Teaching a Controversial Issue
 
This section is adapted with permission from Slater, Frances. 1993. Learning through geography. Pathways in Geography, No. 7, p. 114 (after Stradler et al. 1984) and p. 148 (after McConnell et al. 1979). Indiana, PA: National Council for Geographic Education.
Four Teaching Approaches to Controversial Issues: 

Instructors may take different positions in teaching a controversial issue. Four basic positions are discussed below with their potential strengths and weaknesses. Consider the issue you will discuss in your class and choose the approach that seems most appropriate in the particular situation that you are in, and to reach the particular learning goals that you have set. 


Procedural Neutrality: In which the teacher adopts the role of an impartial chairperson of a discussion group. 
Potential Strengths
Potential Weaknesses
  • Minimizes undue influence of teacher's own bias
  • Gives everyone a chance to take part in free discussion
  • Presents a good opportunity for students to exercise communication skills
  • Works well if you have a lot of background materials
  • Scope for open ended discussion, i.e., the class may move on to consider issues and questions the teacher hasn't thought of
  • Students find it artificial
  • Can damage the rapport between teacher and class if it doesn't work
  • Depends on students being familiar with the method elsewhere in the school or it will take a long time to acclimatize them
  • May only reinforce students' existing attitudes and prejudices
  • Very difficult with the less able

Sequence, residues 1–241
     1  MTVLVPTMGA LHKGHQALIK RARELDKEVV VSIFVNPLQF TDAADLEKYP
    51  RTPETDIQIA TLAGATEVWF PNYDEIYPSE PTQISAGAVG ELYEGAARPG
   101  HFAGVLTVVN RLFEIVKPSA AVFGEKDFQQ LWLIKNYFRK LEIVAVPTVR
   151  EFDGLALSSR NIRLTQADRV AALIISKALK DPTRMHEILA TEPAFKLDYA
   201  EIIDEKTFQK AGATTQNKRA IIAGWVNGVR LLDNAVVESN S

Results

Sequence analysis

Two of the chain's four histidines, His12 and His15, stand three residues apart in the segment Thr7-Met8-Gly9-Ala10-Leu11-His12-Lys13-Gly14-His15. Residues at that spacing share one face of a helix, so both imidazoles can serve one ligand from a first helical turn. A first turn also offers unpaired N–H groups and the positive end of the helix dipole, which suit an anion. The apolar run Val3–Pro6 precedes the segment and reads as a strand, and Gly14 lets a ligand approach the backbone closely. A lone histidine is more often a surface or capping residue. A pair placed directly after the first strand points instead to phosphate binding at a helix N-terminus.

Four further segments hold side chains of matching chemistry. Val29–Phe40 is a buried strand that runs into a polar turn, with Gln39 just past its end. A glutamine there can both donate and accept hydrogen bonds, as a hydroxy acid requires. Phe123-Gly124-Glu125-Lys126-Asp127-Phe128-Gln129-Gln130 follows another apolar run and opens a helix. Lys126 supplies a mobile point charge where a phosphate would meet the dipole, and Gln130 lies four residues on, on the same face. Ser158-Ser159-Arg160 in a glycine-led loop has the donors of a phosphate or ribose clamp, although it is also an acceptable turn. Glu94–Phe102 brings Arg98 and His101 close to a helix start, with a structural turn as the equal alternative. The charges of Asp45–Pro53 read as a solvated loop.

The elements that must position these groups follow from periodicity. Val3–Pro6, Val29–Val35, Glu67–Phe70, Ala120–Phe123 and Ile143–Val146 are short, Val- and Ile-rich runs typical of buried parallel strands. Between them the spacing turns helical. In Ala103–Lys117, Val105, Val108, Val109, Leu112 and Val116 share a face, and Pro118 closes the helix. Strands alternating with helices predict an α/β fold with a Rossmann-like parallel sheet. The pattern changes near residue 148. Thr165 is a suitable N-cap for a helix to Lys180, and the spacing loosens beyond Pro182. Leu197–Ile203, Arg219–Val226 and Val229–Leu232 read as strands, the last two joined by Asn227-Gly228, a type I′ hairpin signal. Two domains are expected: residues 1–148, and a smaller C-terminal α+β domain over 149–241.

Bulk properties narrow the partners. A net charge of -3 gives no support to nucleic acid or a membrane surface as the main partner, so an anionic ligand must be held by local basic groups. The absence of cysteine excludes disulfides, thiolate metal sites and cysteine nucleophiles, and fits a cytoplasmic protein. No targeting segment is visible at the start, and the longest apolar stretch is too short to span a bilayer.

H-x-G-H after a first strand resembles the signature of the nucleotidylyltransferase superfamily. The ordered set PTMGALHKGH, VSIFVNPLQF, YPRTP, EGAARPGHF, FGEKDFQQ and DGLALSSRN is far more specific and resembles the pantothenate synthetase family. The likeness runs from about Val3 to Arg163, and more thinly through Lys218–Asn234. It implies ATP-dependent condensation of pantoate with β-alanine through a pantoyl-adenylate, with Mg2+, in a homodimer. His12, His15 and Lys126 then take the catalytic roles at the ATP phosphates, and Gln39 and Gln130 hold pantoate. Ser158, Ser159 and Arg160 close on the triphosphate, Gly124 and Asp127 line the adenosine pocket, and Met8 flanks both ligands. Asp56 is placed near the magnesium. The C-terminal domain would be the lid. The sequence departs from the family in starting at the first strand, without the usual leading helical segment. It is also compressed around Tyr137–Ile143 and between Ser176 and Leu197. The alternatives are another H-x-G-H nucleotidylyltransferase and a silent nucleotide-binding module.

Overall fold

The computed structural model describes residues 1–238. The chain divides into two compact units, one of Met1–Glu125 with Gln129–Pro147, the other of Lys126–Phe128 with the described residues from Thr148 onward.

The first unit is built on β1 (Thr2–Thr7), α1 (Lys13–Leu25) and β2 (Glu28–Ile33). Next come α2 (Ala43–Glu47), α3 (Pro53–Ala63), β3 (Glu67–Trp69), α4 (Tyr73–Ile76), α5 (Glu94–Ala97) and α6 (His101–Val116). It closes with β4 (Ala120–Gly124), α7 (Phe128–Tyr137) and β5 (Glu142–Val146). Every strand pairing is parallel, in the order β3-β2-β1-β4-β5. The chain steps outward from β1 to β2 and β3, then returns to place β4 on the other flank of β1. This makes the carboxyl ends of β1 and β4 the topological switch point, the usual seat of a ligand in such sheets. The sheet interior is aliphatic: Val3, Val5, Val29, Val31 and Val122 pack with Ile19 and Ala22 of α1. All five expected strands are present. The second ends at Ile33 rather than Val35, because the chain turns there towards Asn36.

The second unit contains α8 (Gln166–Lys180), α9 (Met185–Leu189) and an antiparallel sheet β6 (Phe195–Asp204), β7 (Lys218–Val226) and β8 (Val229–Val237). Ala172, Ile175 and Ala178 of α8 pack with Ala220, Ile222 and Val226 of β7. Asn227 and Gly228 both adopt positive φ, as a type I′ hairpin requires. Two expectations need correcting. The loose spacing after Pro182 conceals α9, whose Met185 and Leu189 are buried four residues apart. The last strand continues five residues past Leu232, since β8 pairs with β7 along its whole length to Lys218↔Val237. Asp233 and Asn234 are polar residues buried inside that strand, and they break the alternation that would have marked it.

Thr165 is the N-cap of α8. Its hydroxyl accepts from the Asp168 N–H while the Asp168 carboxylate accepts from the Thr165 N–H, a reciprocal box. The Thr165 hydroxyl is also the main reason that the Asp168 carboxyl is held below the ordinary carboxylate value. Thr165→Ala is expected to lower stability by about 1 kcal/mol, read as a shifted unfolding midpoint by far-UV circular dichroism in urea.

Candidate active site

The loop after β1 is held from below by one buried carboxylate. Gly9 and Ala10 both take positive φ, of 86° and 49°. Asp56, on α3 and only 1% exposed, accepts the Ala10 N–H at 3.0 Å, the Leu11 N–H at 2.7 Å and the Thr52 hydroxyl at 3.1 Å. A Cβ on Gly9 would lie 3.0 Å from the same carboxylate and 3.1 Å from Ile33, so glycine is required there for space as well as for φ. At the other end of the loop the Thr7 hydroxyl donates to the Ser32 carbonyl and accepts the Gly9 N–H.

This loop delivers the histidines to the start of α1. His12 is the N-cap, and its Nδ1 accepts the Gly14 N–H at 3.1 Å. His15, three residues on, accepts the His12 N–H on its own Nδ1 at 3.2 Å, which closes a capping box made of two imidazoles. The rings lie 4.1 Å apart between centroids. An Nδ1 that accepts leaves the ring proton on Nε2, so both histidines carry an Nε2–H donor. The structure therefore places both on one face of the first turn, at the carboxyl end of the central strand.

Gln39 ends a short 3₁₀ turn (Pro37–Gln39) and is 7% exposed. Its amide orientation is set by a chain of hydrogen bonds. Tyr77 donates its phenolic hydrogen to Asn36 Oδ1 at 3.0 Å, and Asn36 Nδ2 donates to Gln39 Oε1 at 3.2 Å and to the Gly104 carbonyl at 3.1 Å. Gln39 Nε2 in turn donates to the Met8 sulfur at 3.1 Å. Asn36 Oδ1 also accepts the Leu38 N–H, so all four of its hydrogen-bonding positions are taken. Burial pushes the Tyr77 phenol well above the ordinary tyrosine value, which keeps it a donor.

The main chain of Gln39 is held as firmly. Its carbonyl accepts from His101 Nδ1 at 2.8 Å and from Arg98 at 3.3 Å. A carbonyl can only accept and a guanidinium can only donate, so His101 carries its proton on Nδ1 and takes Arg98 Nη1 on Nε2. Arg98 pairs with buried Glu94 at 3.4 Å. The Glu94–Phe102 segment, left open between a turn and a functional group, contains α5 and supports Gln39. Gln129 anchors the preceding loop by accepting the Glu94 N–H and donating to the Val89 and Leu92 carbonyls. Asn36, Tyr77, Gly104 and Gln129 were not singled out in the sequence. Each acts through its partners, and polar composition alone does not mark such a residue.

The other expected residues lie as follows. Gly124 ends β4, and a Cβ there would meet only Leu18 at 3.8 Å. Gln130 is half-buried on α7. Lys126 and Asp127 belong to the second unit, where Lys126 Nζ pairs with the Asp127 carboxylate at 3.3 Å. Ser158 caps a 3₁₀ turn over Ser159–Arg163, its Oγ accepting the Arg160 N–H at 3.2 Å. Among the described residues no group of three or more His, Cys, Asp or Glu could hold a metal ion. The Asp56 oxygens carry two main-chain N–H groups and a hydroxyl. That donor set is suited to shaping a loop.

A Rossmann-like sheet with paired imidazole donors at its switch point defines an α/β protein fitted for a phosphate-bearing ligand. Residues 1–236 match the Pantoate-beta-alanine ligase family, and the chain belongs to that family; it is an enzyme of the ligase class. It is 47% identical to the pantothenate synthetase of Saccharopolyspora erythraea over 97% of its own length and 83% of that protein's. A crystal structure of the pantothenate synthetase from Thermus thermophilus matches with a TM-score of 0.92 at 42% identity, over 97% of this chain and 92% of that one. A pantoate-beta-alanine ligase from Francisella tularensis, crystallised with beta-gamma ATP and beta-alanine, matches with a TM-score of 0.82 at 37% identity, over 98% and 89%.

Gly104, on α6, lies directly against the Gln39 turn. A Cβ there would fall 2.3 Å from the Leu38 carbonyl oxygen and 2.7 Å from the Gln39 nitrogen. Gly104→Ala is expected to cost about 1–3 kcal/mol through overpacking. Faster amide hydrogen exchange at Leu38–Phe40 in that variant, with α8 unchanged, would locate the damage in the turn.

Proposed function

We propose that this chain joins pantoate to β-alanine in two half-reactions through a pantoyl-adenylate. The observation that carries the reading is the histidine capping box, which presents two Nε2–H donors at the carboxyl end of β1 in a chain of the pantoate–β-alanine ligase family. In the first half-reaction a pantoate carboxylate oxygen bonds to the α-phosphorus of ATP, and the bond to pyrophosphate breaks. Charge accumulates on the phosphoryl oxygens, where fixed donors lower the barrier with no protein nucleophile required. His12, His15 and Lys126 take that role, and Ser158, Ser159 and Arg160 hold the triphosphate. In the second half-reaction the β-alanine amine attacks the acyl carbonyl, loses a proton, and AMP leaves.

• Neutral chair may not suit your personality

Stated Commitment: In which the teacher always makes known his/her views during discussion. 
Potential Strengths
Potential Weaknesses
  • Students will try to guess what the teacher thinks anyway. Stating your own position makes everything above board
  • If students know where the teacher stands on the issue, they can discount his or her prejudices and biases
  • It's better to state your preferences after discussion rather than before
  • It can be an excellent way of maintaining credibility with students since they do not expect us to be neutral teachers
  • It can stifle classroom discussion, inhibiting students from arguing a line against that of the teacher
  • It may encourage some students to argue strongly for something they don't believe in simply because it's different from the teacher
  • Students often find it difficult to distinguish facts from values. It's even more difficult if the purveyor of facts and values is the same person
  • It should only be used if students' dissenting opinions are treated with respect

Balanced Approach: In which the teacher presents students with a wide range of alternative views. 
Potential Strengths
Potential Weaknesses
  • Essential: one of the main functions of a humanities or social studies teacher is to show that issues are hardly ever black and white
  • Necessary when the class is polarized on an issue
  • Most useful when dealing with issues about which there is a great deal of conflicting information
  • Is a balanced range of opinions really possible?